People like Friedman would have to be dropped, repeatedly, headfirst down a mine shaft to change course on such fundamental ideological lines. And for the precis to deliberately omit any reference whatsoever to Friedman’ negative views on Israel and Netanyahu in particular, is rank journalistic dishonesty.

If they have done it in this instance it is a safe bet it’s a regular practice. I don’t like it and readers should take care to subject anything (especially from the Daily Alert) which conveniently mirrors their ideological leanings to special scrutiny and analysis. It pays to go to the original if you don’t simply want to be another “useful idiot”.

But what about Friedman’s views? His confident tone and assertions need equaly critical analysis: So here are some questions:

  1.    How come in the Middle East do events always seem to bear out the most extreme predictions and misgivings of the right? Does this not give the Friedmans of this world a moments pause for thought? It certainly does for me, and I’m not talking about the vulgar and primitive racial slurs which litter conservative sites. For me it’s a cause for regret that the Caroline Glicks seem to have a much better grasp of reality than the Benjy Pogrunds, But that is what most Israelis have concluded and it is time to stop the gnashing of teeth to face the facts.

Of course, it will be suggested that it is because of Israeli behaviour that Gaza is Hamas, that Abbas supports terror and ultimate destruction of Israel, that Iran is a rogue state  and the rest of the MENA region is in convulsive conflagration. This is, of course, absolute rubbish for which there is not the slightest evidence.

2.    Friedman claims that that Netanyahu (and by extension, Israel) is the father of the one-state solution because of his determination to occupy the West Bank driven, no doubt, by invariably “fanatical” settlers, rightwing billionaires and a “lust for power”.. This is glib claptrap.

It ignores the offers made by Israel that have been uniformly rejected by the Palestinians. It ignores the extreme and systematic Fatah-sponsored incitement which poisons any progress towards a two-state resolution and justifies (and encourages) terrorism. It ignores the international diplomatic and propaganda initiatives designed to destroy Israel by indirect means. It ignores the rewriting of history to obliterate all connections between Jews and the Middle East. It ignores the systematic discourse depicting Israel as a colonial/crusader power with no legitimate rights in the Middle East.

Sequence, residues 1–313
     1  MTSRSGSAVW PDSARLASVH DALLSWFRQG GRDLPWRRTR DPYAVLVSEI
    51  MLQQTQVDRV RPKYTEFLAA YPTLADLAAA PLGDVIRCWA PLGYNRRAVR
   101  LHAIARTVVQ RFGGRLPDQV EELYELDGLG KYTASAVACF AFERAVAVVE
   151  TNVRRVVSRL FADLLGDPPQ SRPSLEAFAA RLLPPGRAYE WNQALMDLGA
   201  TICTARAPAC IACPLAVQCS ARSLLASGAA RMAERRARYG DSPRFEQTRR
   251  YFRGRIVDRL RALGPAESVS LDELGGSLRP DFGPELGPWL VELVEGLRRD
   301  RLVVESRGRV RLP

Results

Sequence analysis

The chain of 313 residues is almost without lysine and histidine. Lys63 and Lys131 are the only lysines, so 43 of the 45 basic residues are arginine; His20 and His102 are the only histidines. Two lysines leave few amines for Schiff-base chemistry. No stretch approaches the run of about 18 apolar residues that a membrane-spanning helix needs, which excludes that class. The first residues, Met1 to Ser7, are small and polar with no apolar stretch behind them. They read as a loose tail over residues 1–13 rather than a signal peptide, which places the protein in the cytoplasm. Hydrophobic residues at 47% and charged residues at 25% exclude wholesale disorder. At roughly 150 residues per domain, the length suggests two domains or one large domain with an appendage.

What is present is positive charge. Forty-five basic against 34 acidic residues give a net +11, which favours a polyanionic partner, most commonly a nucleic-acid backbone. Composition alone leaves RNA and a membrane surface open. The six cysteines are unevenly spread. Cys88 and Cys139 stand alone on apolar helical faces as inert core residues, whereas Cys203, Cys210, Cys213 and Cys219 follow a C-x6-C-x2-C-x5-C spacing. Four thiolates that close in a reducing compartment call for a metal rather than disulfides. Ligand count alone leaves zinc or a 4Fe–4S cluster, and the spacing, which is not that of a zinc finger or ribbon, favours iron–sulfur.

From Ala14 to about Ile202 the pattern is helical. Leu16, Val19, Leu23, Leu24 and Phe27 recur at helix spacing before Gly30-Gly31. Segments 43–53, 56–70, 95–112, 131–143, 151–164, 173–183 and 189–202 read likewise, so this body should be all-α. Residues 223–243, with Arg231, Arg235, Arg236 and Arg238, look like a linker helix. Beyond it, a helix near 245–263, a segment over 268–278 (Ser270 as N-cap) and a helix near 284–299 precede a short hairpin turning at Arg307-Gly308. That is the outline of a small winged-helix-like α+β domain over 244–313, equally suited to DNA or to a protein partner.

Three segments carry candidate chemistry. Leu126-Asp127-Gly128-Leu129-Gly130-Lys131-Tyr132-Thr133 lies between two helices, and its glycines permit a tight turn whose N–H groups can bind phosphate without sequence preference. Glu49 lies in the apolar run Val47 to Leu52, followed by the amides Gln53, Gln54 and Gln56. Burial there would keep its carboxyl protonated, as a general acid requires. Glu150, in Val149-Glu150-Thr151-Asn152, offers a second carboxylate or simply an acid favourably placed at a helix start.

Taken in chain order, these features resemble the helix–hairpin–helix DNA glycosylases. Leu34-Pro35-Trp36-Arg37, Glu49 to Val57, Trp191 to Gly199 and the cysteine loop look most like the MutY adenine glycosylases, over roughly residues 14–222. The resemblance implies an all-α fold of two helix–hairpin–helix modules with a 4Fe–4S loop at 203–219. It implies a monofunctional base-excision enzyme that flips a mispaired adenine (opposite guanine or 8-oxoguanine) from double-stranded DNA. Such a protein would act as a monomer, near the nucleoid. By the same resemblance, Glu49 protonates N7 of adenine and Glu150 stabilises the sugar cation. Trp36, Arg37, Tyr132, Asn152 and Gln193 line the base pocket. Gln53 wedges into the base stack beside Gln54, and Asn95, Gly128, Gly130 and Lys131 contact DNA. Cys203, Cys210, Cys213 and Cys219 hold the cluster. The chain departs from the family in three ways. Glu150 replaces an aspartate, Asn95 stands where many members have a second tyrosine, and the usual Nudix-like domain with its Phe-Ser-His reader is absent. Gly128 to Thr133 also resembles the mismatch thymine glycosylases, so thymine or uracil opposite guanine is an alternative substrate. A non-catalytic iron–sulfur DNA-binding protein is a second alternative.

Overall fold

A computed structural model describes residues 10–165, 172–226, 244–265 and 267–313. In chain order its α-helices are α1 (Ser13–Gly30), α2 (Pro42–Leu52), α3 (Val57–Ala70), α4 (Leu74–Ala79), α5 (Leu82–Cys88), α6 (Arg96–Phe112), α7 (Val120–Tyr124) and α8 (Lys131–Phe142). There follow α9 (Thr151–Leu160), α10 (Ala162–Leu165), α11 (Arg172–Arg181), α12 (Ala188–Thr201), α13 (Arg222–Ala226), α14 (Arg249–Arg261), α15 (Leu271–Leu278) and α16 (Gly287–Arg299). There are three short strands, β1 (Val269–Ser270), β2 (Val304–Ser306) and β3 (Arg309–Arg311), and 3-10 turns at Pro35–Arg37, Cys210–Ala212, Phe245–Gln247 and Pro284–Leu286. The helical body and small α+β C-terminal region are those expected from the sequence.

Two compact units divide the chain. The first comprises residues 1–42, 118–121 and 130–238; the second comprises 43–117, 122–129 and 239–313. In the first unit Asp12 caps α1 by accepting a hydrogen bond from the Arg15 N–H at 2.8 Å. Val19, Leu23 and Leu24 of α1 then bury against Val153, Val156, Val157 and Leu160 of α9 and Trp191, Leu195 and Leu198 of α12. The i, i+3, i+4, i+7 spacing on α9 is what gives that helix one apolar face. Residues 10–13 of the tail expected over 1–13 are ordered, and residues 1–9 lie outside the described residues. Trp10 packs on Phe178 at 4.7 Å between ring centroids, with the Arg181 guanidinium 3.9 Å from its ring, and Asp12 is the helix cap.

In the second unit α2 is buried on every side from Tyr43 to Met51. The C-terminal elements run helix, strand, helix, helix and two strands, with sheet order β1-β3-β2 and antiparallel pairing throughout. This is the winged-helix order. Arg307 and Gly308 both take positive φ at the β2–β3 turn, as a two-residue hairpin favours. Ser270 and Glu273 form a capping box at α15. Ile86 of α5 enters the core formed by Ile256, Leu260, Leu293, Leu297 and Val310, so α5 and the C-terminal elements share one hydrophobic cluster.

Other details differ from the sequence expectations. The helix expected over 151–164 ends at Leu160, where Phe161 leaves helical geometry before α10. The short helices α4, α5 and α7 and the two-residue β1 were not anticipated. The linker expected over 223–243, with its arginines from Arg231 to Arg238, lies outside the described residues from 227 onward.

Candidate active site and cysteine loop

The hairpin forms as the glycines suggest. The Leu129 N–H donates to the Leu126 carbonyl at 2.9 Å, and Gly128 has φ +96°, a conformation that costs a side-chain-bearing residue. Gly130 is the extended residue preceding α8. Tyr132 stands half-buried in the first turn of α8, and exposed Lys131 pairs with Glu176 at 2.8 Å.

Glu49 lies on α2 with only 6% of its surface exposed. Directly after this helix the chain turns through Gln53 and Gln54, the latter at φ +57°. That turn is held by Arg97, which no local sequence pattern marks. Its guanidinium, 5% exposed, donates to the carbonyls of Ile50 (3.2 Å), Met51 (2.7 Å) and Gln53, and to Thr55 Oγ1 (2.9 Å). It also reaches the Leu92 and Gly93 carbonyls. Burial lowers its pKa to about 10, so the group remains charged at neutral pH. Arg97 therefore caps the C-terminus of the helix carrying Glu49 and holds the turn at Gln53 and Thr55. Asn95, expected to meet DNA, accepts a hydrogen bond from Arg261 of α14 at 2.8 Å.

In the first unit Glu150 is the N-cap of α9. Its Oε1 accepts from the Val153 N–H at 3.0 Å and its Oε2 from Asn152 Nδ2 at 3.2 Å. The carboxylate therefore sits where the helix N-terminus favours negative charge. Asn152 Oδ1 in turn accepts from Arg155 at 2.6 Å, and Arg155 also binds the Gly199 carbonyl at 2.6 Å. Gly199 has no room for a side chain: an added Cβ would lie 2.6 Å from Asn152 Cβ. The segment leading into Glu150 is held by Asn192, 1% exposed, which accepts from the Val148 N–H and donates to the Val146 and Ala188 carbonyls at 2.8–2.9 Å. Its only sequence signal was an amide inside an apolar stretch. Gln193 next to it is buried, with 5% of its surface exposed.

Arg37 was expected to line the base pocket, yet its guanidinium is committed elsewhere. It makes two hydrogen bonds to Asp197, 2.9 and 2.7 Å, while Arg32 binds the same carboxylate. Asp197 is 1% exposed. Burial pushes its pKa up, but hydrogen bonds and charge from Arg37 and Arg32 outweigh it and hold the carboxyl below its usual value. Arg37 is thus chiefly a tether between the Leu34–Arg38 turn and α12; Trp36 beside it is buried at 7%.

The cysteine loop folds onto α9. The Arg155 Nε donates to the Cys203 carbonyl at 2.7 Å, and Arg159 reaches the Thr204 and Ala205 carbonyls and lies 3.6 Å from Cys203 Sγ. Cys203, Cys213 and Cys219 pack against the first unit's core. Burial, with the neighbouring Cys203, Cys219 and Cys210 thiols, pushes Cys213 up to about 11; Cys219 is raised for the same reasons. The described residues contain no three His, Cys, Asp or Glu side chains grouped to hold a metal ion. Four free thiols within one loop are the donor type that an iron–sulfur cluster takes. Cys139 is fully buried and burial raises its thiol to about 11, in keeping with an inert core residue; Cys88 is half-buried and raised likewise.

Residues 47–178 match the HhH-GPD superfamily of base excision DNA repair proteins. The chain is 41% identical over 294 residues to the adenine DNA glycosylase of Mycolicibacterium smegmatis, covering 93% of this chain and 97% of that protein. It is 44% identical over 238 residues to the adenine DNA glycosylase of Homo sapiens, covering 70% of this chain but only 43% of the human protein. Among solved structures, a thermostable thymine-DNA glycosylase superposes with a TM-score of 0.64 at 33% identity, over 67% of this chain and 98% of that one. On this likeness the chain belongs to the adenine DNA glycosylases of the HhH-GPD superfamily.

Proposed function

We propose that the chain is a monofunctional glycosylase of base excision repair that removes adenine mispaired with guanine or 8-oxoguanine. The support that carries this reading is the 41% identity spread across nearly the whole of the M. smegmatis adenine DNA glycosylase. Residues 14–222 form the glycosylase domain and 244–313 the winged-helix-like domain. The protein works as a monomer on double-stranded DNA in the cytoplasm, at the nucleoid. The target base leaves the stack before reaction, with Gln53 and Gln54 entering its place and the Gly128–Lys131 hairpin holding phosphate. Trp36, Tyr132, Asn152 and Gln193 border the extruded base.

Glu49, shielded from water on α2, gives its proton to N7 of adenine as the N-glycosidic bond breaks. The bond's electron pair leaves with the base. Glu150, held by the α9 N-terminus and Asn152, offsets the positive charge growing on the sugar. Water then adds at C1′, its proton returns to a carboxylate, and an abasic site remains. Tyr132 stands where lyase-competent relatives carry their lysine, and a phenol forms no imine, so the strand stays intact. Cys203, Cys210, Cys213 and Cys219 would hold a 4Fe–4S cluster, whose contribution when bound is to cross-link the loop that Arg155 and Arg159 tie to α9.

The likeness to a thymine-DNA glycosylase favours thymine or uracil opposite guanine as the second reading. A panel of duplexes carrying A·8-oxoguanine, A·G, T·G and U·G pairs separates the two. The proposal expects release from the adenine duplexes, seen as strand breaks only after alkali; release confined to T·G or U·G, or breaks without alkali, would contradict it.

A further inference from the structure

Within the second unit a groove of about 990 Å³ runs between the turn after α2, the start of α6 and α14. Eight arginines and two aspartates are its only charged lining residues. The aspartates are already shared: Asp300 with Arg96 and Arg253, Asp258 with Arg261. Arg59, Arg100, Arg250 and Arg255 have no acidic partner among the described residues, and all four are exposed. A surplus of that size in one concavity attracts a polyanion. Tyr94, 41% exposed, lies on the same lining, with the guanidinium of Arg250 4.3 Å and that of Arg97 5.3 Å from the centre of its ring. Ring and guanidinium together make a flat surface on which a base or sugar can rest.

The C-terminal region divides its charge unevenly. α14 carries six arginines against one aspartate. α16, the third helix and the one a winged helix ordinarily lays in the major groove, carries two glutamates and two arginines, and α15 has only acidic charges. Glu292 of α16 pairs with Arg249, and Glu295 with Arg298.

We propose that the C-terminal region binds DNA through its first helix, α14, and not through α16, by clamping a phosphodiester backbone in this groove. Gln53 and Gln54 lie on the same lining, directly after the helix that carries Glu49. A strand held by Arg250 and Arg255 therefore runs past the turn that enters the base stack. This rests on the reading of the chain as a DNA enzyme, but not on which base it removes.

That such reductive and dishonest nonsense gets published in the New York Times is a symbol of the sad decline of journalist quality in that paper.

3.    It is also worth asking why the irrational hatred of Netanyahu. Is Bibi the first politician with a lust for power? What diabolical attributes does he manifest that differ from any other clever and calculating politician? Is Netanyahu the first to exploit ethnic fears and hostility for his own ends? Its outrageous rubbish of course which passes for insight in Friedman’s circles.

The reality is that Netanyahu is most trusted within Israel’s abrasive and threatened democracy to ensure the safety of the state. Until circumstances change sufficiently to allow for a more creative and flexible vision, Bibi’s brand of hard-arsed politics will prevail.

And let it be said that despite all Israel’s manifold shortcomings, it does seek ways (under Netanyahu’s leadership) to incorporate Arabs more effectively into the fabric of Israeli society. This is a very complex and difficult task, as anyone with a modicum of experience knows. And it is unique within the MENA environment.

What bubble does Friedman live in which prevents him recognising these realities? Or is just too easy and comfortable to keep spouting such moralistic platitudes?

Mike Berger